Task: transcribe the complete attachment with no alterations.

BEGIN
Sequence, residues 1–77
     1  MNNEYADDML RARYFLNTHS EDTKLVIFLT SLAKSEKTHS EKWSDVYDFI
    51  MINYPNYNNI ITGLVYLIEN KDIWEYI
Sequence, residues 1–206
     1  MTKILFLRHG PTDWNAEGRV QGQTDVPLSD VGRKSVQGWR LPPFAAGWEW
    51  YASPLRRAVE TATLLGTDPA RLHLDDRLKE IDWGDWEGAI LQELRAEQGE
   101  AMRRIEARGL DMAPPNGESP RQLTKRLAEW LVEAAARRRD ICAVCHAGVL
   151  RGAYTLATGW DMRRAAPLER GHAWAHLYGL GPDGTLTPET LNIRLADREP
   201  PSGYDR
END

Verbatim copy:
Sequence, residues 1–77
     1  MNNEYADDML RARYFLNTHS EDTKLVIFLT SLAKSEKTHS EKWSDVYDFI
    51  MINYPNYNNI ITGLVYLIEN KDIWEYI
Sequence, residues 1–206
     1  MTKILFLRHG PTDWNAEGRV QGQTDVPLSD VGRKSVQGWR LPPFAAGWEW
    51  YASPLRRAVE TATLLGTDPA RLHLDDRLKE IDWGDWEGAI LQELRAEQGE
   101  AMRRIEARGL DMAPPNGESP RQLTKRLAEW LVEAAARRRD ICAVCHAGVL
   151  RGAYTLATGW DMRRAAPLER GHAWAHLYGL GPDGTLTPET LNIRLADREP
   201  PSGYDR